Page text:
The Locarno Festival has always had a close relationship with the Scandinavian region, showcasing films from Sweden, Norway, Denmark and Iceland on a regular basis (this year’s Concorso internazionale features the Danish drama Vinterbrødre – Winter Brothers, starring former Sherlock villain Lars Mikkelsen). Many filmmakers from these countries have gone on to enjoy success in Hollywood, including Tommy Wirkola, who directed the Død snø – Dead Snow films in his native Norway and then pulled off Hansel & Gretel: Witch Hunters. His latest effort, What Happened to Monday?, a science fiction thriller starring Noomi Rapace and Willem Dafoe, is celebrating its world premiere in Piazza Grande before being released worldwide by Netflix later this month. To honor the occasion, here are a few other notable names who have combined a Nordic sensibility with American resources, often with a Locarno connection.Max Borg
The Bergen-born director became known internationally with his third feature film, Hodejegerne –Headhunters (based on the eponymous novel by Jo Nesbø), which premiered in Piazza Grande in 2011. He went on to direct Benedict Cumberbatch in the Oscar-winning biopic The Imitation Game, and made the transition to larger budgets with the sci-fi romance Passengers, starring Chris Pratt and Jennifer Lawrence.
Best known as a screenwriter, Arcel adapted Stieg Larsson’s Millennium trilogy for the screen in Swedish, then returned to his Danish roots with Jussi Adler-Olsen’s Department Q series. The resulting film, Kvinden i buret – The Keeper of Lost Causes, was a Piazza Grande entry in 2013. In between those two endeavors he made his international breakthrough as a director with En kongelig affære – A Royal Affair, which won two awards in Berlin in 2012 and received an Oscar nomination a year later. His first English-language feature, based on Stephen King’s The Dark Tower, opens in Swiss cinemas on August 9.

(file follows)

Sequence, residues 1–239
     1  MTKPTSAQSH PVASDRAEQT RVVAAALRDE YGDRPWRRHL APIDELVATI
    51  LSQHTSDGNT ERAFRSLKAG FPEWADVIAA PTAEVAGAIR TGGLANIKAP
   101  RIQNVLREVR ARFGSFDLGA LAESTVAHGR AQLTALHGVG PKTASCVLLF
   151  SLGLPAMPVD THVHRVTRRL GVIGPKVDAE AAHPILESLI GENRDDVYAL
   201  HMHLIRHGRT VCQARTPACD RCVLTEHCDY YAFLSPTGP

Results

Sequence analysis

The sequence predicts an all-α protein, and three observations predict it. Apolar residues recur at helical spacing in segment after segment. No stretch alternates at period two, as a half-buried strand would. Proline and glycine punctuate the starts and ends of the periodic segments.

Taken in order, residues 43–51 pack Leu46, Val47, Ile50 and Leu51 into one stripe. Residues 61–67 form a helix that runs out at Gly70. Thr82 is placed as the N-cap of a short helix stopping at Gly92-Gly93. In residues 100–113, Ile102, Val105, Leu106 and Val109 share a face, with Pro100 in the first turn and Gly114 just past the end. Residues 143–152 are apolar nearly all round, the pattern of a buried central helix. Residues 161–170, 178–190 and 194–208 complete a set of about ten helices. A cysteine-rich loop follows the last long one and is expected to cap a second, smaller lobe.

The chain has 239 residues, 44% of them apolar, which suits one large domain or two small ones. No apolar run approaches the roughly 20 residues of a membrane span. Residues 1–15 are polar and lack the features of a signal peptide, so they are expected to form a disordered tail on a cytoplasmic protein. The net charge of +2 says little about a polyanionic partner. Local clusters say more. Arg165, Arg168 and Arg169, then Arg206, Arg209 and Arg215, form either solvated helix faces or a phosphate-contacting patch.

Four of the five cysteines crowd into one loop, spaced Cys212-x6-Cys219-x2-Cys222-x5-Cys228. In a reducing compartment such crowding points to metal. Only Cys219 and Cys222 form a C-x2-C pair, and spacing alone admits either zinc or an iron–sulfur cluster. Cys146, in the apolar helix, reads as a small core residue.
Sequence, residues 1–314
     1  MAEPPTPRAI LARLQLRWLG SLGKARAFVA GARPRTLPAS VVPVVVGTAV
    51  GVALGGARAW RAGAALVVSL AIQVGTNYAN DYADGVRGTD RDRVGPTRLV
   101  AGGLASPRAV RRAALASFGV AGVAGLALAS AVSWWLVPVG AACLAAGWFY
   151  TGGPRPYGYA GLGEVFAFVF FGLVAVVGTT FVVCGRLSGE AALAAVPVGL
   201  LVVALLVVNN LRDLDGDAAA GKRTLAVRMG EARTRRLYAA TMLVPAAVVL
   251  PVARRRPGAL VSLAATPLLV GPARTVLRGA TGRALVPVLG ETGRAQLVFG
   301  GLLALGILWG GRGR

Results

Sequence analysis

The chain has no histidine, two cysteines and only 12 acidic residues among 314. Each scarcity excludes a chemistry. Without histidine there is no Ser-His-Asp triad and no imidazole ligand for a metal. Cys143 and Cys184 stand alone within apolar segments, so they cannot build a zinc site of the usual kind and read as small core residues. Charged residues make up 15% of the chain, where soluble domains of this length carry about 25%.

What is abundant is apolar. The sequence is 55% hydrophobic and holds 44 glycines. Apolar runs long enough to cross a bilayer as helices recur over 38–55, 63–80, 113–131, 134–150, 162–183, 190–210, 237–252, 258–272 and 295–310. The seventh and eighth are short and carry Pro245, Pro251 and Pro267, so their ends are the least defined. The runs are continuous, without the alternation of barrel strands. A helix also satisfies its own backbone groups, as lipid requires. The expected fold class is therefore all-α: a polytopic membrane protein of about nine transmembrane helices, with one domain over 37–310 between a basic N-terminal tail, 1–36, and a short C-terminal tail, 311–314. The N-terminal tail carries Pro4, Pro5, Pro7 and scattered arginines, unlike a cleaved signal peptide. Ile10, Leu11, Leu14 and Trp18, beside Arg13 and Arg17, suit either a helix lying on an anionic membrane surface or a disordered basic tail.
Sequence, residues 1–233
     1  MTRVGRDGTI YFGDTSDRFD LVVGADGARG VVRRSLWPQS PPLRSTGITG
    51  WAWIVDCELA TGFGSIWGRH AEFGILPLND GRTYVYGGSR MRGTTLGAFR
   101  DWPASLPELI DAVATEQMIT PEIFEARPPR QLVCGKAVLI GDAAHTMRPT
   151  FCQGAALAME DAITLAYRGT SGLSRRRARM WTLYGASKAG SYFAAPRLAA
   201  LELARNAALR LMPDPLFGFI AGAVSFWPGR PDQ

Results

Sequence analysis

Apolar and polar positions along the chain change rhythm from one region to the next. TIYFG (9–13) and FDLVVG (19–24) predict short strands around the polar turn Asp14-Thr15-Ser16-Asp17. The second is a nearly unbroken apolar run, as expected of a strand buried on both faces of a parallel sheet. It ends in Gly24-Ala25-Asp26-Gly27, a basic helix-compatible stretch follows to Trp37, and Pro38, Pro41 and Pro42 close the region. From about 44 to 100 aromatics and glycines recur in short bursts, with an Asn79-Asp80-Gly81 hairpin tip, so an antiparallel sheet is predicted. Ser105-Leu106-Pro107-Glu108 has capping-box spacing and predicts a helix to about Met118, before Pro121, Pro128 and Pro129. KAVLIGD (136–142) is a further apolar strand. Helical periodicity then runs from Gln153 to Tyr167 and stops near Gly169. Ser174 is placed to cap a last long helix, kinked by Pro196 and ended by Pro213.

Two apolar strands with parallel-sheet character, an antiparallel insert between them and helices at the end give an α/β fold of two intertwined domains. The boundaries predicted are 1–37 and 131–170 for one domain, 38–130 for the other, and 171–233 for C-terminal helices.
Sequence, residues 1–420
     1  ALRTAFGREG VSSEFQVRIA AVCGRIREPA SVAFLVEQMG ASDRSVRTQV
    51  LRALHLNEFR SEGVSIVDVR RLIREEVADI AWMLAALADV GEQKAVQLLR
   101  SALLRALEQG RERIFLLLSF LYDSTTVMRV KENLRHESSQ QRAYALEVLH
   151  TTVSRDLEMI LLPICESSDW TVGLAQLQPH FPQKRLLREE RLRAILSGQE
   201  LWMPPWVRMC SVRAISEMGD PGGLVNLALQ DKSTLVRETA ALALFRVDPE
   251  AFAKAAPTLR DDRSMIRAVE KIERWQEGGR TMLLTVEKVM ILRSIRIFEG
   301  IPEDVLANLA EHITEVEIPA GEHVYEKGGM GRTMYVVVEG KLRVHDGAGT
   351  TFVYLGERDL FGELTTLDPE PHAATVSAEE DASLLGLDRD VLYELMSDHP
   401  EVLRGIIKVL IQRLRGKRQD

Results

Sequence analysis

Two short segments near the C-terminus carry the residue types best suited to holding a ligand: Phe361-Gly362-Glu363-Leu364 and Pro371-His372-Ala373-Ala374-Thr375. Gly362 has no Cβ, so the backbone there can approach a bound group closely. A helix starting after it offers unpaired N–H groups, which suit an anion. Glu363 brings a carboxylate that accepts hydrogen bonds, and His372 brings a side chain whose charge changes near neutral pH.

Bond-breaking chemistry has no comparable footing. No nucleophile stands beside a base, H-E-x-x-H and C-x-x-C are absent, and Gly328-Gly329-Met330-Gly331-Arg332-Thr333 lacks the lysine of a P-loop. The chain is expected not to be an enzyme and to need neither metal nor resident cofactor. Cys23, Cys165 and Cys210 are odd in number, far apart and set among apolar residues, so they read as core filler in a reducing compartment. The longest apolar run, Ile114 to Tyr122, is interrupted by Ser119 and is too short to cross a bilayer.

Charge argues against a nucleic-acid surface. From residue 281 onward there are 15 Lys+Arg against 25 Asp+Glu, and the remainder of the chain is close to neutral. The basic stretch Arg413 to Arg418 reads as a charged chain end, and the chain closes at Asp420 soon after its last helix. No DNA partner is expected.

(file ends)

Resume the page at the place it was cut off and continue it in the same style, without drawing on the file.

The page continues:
The Icelandic filmmaker qualifies as a genuine Locarno discovery: his 2000 debut 101 Reykjavik, featuring Victoria Abril, screened in the Concorso Internazionale. He returned to the Festival in 2013 with 2 Guns, starring Mark Wahlberg and Denzel Washington, which was selected as that year’s opening film. His other English-language efforts include Contraband (based on an Icelandic film he starred in as an actor) and Everest.
The Swedish-born director has been a Hollywood mainstay since 1993, when he directed Leonardo DiCaprio to his first Oscar nomination in What’s Eating Gilbert Grape?. He’s since made crowd-pleasers like Chocolat and Casanova, with a brief return to his home country in 2012 to make the thriller Hypnotisören – The Hypnotist. His 2014 film The Hundred-Foot Journey, a culinary comedy starring Helen Mirren, screened in Piazza Grande.
Born in Sweden, trained in Denmark, Espinosa shot to fame with his third film, Snabba cash – Easy Money, based on the first installment in Jens Lapidus’ Stockholm Noir trilogy. Two years later, in 2012, he made his Hollywood debut with Safe House, starring Denzel Washington and Ryan Reynolds, and subsequently directed Tom Hardy and Gary Oldman in Child 44, based on the eponymous bestseller. His most recent feature, the science fiction/horror film Life, premiered in March 2017.
The Danish filmmaker, part of a select group of directors to have won the Palme d’Or twice (his first winning film, Pelle erobreren – Pelle the Conqueror, was shown out of competition in Locarno in 1988), made his English-language debut in 1993 with The House of the Spirits, based on the Isabel Allende novel and starring Meryl Streep and Jeremy Irons. He subsequently directed films like Les Misérables, Goodbye Bafana – The Color of Freedom, and Night Train to Lisbon.